Words by Christine Webb

It's the drums that got me first... boom! da-boom! boom! ....distant, like thunder, pounding along with my racing heart as Itried to work out which of the echoing lanes was the one to take.

Cobbles and stone walls magnified the sound, louder and louder, through the ancient canyons of Arezzo until I turned the last corner and sixty spectacular Sbandieratori came striding down Corso Italia toward me, resplendent in medieval costume, drummers drumming, trumpets blaring, each one individually coloured, arrogantly carrying gigantic silk ensigns, daring onlookers to gasp. It’s almost overwhelming.

I can’t imagine a band of Italian men looking more magnificent and that’s before they do their stuff. The Arezzo Flag Throwers were formed in 1960 as an autonomous group to perform at the twice annual Saracen Joust. Two years later as a boy, Pasquale Livi joined the ranks and for the last thirty years he has been the technical director and leader.

Trooping the colour

The tradition of flag throwing is thought to have arisen from medieval battle, the ensign carrier being one of the most important soldiers on the field of battle, carrier of the symbol of the army, expected to defend the flag with his life and rally the troops to its colours. In the event of his being overcome, he would throw the flag to a comrade and so began the practice of hurling the banner high in the sky to land safely in the hands of another.

The exquisite detail of the heraldic designs and matching uniforms is only one of the traditions upheld by the squad. They have carefully rehearsed and studied ancient acrobatic techniques from old writings, drawings by Leonardo da Vinci and Piero della Francesca, even designs on ceramic plates, to develop their own unique form of pageantry.

Pasquale has also instilled an air of honour and commitment in his squad.
For 50 weeks a year they perform voluntarily, rehearsing twice a week. In winter they freeze in their costumes, in summer they swelter but it is with great honour that they travel across Italy as representatives of their city, and all over the world as bravura ambassadors for their country. In 1968 they were chosen to open the Mexico Olympics and have since travelled to many parts of Europe, Britain, Japan, South Africa, New York, South America, Australia, Taiwan and represented Italy at the America’s Cup in New Zealand.

A family affair

Over the years Pasquale has experienced a strange alchemy, beyond the passing of time, that trancends the various backgrounds and ages of the performers.

It seems the troupe have preserved not only their traditions but a wonderful level of chivalric pride that only comes from continued dedication. Now his three sons have also joined the group. Massimiliano, Stefano and Daniele the youngest, who also designs the flags and advertising material.

The entire family is involved, with Pasquale’s elegant wife, the gentle Fernanda, who also designs and makes the uniforms, hand embroidering emblematic costumes, each one representing the comuni (councils) that make up the province of Arezzo.

On the evening of the Giostra, as the procession of Flag Throwers winds its way through the town leading over 300 other costumed participants, we meet Fernanda and scramble up the stairs of the Flag Throwers’ headquarters for a stunning view of the event from their window overlooking the Piazza Grande.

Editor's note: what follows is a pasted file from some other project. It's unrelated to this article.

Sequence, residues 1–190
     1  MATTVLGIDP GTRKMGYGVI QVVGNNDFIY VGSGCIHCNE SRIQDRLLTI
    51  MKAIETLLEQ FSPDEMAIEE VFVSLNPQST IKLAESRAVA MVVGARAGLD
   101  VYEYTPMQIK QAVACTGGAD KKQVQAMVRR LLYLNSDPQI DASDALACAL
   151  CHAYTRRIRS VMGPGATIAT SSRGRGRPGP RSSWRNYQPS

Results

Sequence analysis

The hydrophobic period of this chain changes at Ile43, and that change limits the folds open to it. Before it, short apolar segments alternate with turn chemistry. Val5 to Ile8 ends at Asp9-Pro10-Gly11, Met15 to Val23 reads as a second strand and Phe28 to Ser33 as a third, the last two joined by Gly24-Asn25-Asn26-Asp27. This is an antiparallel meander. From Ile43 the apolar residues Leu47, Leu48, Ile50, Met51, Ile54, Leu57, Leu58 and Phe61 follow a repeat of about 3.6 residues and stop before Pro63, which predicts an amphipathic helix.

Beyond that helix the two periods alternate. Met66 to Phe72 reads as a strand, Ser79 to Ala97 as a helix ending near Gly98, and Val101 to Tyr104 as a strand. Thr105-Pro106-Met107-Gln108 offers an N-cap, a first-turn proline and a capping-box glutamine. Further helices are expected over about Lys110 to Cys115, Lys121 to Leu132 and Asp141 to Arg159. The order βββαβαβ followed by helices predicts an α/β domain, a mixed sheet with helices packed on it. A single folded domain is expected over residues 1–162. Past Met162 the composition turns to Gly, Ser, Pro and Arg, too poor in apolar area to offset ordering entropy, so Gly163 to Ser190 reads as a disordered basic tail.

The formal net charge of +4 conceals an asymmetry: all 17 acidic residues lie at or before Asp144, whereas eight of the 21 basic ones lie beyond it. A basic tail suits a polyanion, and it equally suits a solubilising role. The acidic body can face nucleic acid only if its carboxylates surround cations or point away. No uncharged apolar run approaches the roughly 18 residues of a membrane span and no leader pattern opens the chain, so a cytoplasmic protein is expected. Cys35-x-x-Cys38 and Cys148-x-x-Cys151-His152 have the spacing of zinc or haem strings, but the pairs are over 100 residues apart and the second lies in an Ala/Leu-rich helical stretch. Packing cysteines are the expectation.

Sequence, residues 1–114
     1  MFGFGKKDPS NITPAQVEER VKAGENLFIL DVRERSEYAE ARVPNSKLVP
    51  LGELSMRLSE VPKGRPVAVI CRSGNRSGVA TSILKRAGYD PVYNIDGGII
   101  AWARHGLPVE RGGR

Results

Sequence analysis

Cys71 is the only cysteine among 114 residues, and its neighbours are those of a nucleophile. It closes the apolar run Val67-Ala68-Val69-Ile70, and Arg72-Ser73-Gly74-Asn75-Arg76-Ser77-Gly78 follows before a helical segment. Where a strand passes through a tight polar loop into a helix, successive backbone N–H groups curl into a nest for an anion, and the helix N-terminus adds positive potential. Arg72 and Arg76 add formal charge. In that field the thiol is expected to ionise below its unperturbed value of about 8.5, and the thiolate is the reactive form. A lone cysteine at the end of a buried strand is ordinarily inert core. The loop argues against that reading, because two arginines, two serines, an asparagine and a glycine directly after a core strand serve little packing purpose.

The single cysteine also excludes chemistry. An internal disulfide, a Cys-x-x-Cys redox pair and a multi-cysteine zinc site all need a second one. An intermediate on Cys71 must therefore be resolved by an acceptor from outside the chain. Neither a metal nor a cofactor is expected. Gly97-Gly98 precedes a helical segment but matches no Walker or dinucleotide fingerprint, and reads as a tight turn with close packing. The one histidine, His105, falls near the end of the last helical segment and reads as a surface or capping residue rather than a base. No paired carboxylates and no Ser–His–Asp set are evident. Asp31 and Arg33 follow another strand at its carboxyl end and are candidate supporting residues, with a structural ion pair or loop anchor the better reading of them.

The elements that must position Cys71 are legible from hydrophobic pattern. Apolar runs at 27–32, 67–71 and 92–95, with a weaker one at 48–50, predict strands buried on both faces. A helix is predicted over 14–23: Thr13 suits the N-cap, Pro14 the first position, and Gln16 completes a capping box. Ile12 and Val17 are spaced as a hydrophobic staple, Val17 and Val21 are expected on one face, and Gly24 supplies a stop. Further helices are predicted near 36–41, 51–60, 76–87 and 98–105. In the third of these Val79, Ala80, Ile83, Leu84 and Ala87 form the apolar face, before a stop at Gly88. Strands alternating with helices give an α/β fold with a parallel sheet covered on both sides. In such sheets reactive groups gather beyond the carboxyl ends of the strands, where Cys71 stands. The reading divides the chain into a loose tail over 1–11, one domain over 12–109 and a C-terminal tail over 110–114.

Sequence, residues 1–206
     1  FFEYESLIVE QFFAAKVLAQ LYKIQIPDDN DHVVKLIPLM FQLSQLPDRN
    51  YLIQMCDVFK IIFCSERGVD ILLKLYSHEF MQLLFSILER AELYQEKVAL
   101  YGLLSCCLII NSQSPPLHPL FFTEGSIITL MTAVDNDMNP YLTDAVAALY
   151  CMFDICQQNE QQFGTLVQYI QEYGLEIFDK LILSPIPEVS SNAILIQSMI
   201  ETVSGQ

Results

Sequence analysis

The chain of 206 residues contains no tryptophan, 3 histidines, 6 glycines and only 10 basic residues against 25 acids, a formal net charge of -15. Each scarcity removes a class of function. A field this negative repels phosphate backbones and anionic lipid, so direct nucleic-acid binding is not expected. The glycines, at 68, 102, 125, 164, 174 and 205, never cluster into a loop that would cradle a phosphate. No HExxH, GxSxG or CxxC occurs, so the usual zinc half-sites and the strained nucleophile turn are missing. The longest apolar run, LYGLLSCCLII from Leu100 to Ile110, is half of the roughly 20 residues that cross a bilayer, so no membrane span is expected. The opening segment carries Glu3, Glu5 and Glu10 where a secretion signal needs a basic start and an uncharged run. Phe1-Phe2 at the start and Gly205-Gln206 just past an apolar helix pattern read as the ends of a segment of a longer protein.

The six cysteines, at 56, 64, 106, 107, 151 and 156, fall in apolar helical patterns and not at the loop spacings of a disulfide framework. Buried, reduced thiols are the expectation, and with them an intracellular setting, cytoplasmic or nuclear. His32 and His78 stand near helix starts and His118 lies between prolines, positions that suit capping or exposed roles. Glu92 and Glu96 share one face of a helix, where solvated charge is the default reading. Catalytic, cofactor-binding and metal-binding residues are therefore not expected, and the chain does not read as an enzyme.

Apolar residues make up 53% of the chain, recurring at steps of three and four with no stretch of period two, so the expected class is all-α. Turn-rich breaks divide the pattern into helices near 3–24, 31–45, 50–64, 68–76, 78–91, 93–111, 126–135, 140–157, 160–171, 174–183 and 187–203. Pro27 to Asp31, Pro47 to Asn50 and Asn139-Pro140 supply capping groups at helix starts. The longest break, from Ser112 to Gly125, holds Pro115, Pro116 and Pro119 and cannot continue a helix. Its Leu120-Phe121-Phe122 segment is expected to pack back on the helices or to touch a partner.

The packed audience roars with delight as Pasquale comes striding into the lights, flag held high at arm’s length leading his troupe. Blazing with colour, each of the Sbandieratori charges into the arena with his flag, seemingly oblivious to the burden of the 1.3 kg lead weight at the end of a staff 3.8 metres long and a fluttering silk panel 160 x 140 cm.

Arranged in formation, synchronised to the beat of the drums, each man rocks back on his heel to draw the furled flag and throw it some 30 metres into the air where the flags hang together, suspended for a glorious moment before plummeting to the ground to be caught just in time before hitting the dirt.

Flying in the air

Again and again the aerial ballet dazzles and delights, each man throwing, leaping and catching in an agile, athletic display.

Four men separate from the group to parry and thrust at each other in mock battle, faster and faster the flags twist, slicing and cutting through the air, then another takes a running jump and somersaults over the outspread arms of his companion to tumble onto the bare ground of the arena, lightly jumping to his feet to the rapture of the crowd.

Without pause, the flag throwers twirl and twirl, until bodies and banners become one with the weaving of colours, slicing the air with military precision, a flock of exotic birds until finally they halt in a pyramid of fluttering silk and the crowd goes wild. High above the crowd, Fernanda clasps her hands together in pride, a flawless performance and she waves to Pasquale who beams back at her.

The Sbandieratori perform many times throughout the year in Arezzo as well as twice a year at the Saracen Joust on the evening of the second to last Saturday of June and the afternoon of the first Sunday in September.

Information on tickets is available:
by phone 0575 377 462
or by email giostradelsaracino@comune.arezzo.it

But don’t forget, when you too go to the Arezzo Giostra Saracino, be sure at the end of the performance of the Sbandieratori to lookout for the Cavaliere (knight), dressed in brilliant blue as he waves to his beautiful lady, high above in the tower window.

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